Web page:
A fuel tanker operated by Trafigura Group caught fire after being hit by a missile in the Red Sea in what Bloomberg called the most significant attack yet by Houthi rebels.
The Yemeni group claimed responsibility for the strike on the vessel, which was carrying naphtha fuel used to produce gasoline and plastics, leading Brent oil to trade higher.
Last week, maritime advisory firm Sea-Intelligence said disruptions to shipping from the Houthi attacks in the Red Sea have been more damaging to the supply chain than the early COVID-19 pandemic.
Supply chain data known in the industry as “vessel capacity” shows the second largest drop in recent years, surpassed only when the giant Ever Given cargo ship was stuck in the Suez Canal for six days during March 2021, which halted billions of dollars in trade.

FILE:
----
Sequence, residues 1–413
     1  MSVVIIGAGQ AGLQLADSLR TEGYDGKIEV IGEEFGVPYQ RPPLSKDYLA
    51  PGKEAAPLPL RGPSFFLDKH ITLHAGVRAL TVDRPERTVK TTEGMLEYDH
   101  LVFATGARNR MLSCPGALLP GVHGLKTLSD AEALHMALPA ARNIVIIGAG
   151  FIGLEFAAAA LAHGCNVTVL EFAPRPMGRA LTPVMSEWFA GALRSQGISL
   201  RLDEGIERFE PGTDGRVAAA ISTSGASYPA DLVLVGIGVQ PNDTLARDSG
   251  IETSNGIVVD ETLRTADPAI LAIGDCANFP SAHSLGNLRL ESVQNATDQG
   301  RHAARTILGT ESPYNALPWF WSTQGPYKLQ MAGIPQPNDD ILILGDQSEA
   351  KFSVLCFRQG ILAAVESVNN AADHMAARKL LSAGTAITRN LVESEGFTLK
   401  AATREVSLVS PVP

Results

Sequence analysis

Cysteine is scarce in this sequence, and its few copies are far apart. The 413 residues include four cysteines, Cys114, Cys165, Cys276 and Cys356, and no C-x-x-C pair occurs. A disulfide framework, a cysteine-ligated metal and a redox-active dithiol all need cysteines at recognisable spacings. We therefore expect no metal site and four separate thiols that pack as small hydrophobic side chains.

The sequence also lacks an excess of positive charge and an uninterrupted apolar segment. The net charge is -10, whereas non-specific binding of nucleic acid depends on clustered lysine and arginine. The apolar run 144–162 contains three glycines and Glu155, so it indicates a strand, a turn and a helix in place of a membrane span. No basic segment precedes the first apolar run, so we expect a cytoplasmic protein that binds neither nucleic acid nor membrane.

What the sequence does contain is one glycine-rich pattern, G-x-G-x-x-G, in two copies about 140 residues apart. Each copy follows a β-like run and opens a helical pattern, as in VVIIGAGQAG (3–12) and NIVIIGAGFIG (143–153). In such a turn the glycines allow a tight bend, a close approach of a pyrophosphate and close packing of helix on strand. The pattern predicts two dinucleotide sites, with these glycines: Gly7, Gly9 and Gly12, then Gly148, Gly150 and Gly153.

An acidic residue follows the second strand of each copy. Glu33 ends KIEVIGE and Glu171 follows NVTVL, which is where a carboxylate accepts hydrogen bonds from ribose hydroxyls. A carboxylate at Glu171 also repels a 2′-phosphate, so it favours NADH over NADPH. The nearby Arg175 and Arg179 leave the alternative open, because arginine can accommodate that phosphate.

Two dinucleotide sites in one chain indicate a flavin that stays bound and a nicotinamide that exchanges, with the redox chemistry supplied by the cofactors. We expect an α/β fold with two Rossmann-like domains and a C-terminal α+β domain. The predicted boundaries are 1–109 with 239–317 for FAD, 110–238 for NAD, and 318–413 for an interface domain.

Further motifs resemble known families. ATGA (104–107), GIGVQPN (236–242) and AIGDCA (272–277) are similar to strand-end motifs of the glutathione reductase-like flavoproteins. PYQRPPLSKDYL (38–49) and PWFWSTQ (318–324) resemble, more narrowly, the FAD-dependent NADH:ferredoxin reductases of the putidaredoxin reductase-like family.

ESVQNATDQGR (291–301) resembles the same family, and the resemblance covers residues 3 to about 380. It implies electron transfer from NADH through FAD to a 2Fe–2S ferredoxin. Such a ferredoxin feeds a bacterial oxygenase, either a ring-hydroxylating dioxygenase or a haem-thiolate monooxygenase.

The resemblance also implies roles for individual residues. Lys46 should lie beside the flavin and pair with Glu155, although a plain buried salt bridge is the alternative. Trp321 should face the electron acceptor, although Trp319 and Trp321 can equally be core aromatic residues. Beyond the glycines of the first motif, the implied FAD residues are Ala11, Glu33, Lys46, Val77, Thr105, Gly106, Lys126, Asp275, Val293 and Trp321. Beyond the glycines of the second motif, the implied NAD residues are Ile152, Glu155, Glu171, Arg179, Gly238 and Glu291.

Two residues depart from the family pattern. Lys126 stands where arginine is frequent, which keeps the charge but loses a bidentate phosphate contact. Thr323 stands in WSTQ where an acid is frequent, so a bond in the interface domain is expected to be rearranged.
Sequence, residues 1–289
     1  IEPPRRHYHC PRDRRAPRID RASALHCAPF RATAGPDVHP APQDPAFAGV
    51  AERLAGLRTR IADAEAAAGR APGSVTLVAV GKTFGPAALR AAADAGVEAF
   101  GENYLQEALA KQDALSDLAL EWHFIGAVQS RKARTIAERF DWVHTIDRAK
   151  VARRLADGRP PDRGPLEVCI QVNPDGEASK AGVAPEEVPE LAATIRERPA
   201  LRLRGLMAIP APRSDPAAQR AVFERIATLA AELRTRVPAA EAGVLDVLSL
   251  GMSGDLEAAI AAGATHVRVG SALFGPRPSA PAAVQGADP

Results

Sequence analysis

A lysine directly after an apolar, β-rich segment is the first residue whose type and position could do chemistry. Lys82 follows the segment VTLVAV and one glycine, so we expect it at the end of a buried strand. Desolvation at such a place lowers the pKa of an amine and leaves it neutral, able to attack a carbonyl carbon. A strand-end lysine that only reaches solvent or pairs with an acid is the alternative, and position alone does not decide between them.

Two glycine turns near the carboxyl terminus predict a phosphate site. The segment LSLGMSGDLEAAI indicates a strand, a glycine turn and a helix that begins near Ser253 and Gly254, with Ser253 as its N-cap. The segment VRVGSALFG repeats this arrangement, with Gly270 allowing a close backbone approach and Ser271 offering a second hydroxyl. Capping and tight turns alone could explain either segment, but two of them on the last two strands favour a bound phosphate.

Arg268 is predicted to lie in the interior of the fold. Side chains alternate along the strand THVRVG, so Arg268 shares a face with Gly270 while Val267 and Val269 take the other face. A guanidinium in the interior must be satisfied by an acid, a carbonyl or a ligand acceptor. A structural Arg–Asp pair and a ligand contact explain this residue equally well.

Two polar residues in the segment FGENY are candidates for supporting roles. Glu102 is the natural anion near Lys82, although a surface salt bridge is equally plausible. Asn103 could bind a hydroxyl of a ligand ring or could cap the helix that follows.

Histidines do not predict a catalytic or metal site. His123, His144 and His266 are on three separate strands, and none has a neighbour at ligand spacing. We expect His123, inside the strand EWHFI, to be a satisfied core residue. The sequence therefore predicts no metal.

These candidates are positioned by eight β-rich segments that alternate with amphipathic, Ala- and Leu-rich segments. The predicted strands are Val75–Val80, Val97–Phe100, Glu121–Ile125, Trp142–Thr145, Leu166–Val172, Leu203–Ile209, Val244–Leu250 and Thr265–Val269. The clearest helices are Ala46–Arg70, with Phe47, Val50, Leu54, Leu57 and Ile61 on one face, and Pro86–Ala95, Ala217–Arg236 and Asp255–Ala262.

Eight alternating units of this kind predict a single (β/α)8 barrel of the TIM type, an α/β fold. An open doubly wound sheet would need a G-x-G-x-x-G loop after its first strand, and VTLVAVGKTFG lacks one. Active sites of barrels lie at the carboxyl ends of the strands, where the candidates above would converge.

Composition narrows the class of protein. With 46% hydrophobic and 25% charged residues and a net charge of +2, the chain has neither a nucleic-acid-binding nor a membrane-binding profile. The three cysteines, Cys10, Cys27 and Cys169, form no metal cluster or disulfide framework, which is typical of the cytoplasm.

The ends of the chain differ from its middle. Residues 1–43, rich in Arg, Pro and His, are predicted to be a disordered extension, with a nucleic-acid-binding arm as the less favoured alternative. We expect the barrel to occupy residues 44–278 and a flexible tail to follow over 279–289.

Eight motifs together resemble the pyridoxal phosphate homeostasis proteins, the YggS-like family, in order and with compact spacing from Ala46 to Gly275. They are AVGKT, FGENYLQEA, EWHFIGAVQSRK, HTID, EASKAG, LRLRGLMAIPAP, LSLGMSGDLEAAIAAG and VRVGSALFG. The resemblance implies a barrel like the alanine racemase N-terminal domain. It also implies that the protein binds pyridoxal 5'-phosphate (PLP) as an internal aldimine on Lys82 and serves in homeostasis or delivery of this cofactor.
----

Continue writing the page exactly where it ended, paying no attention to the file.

“Firefighting equipment on board is being deployed to suppress and control the fire caused in one cargo tank on the starboard side,” a Trafigura spokesperson said in a statement to Bloomberg. “We remain in contact with the vessel and are monitoring the situation carefully. Military ships in the region are underway to provide assistance.”
As a result of the attacks, ships have been circumventing the area, adding time and cost to their routes.